MINER - The Miner Police Department will not get new security cameras yet.
After considering the purchase of new cameras for several months, the Miner Board of Aldermen decided during its regular meeting Tuesday not to spend the city's money.
Board members suggested other law enforcement agencies will have to radio in to let Miner police know they are at the outside doors, and other visitors will go in through the lobby.
Alderman Justin Medley suggested the department put security cameras on its Homeland Security grant wish list.
In other business during Tuesday meeting:
* Board members agreed to schedule a meeting Monday with Greg Stratman of Stratman Consulting of Vienna, Mo. and the city's police and fire department chiefs before reaching a decision on sending the chiefs to a grant writing school.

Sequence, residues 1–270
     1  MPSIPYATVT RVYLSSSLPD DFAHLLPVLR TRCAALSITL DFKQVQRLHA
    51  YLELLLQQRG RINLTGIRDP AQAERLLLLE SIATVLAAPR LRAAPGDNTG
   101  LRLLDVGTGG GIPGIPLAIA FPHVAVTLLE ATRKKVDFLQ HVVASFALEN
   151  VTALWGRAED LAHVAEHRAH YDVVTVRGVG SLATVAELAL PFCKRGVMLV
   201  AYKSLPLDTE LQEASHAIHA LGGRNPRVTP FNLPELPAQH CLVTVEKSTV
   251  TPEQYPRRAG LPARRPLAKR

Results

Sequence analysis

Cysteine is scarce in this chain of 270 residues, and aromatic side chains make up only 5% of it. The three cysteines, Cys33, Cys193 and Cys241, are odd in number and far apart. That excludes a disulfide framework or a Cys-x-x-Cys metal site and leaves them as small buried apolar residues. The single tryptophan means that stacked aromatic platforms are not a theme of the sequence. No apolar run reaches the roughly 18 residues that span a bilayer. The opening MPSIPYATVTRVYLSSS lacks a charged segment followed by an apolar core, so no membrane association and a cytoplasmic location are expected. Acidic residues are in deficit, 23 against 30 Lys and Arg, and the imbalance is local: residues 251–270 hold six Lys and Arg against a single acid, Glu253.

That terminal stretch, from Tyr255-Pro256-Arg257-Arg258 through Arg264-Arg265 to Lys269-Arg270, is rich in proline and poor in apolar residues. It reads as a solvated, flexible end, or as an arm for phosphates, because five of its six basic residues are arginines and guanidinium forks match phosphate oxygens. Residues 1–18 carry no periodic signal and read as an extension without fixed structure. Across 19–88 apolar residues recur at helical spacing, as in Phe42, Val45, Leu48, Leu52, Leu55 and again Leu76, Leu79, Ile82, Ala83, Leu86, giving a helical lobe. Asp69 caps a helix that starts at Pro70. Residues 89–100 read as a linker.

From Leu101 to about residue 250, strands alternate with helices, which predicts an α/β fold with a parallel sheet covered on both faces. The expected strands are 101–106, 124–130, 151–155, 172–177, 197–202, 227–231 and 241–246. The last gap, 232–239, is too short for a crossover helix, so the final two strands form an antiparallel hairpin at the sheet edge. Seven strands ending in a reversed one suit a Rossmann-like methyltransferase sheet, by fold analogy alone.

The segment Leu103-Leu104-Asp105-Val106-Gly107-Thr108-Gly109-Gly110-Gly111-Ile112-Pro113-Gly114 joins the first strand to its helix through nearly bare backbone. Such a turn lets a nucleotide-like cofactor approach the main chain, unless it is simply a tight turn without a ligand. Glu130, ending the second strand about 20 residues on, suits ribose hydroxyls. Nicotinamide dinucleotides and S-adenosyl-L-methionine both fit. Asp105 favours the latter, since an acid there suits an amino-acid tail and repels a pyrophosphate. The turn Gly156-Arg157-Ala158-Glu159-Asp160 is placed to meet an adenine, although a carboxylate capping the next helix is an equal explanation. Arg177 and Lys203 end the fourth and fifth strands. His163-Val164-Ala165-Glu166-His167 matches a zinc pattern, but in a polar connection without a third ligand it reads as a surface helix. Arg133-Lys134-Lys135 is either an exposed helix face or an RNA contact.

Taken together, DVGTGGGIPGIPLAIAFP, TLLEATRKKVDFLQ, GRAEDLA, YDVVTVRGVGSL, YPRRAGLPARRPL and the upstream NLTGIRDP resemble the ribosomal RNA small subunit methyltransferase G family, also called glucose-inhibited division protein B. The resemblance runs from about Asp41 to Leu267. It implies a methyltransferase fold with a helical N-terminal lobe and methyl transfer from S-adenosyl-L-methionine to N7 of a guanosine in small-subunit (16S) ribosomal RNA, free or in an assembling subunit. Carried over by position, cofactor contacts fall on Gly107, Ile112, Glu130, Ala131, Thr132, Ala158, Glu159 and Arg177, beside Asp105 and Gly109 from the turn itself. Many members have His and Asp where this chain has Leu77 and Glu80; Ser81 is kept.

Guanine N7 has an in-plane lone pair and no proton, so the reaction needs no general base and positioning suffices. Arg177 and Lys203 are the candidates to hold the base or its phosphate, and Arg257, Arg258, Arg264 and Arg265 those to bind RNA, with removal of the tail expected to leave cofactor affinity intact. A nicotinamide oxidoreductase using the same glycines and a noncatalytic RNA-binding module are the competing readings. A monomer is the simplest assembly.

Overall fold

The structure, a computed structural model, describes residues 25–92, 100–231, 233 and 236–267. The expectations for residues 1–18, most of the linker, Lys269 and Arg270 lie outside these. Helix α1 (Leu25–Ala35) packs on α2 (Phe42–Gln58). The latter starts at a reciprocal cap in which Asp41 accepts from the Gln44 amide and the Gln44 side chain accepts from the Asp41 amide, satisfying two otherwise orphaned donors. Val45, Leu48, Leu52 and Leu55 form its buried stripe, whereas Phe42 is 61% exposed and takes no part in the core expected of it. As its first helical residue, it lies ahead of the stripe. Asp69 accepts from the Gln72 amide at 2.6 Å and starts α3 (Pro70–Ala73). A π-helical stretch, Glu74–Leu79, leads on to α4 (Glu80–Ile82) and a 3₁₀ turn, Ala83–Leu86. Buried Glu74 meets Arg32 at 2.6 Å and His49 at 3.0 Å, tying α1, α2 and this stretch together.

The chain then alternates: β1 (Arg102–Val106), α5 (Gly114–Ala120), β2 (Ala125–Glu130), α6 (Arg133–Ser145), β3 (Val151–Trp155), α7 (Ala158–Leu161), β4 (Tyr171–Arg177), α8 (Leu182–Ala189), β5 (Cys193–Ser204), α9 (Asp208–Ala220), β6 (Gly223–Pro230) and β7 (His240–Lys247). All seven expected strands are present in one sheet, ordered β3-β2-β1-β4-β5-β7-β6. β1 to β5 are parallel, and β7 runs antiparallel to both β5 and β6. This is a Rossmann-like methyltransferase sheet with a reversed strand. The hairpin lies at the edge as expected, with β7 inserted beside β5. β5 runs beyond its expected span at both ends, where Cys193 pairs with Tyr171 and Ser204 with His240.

Stratman was hired by the city in June to conduct a feasibility study for a convention center but has also offered to write grants for the city.
Benny Thurston, fire division chief, said there are grant writing classes at fire school but this course goes into more detail on areas like writing Homeland Security grants.
The deadline to register at only $200 per person is Jan. 15, Thurston said.
* Board members approved a cost of living increase of 3.2 percent for all city employees. The raise does not include elected officials.
* An updated flood plain ordinance was approved. The update was required by the State Emergency Management Agency and the ordinance is now more detailed, according to Blake Pearson, city attorney. The ordinance had not been updated since 1984, Pearson said.
* The purchase of a new desk console from G & D Communications in Sikeston for dispatching which will hold the police department's new radio equipment was approved.
The approved bid of $1,724.25 includes a larger, more user-friendly console which will hold all the equipment and "gooseneck" microphones that the company's lower bid of $1,384.61 did not include, although labor was the same on both bids.
A donation of $500 from Wal-Mart, however, will offset the cost to make the city's actual cost lower than the lower bid, noted Alderman Medley.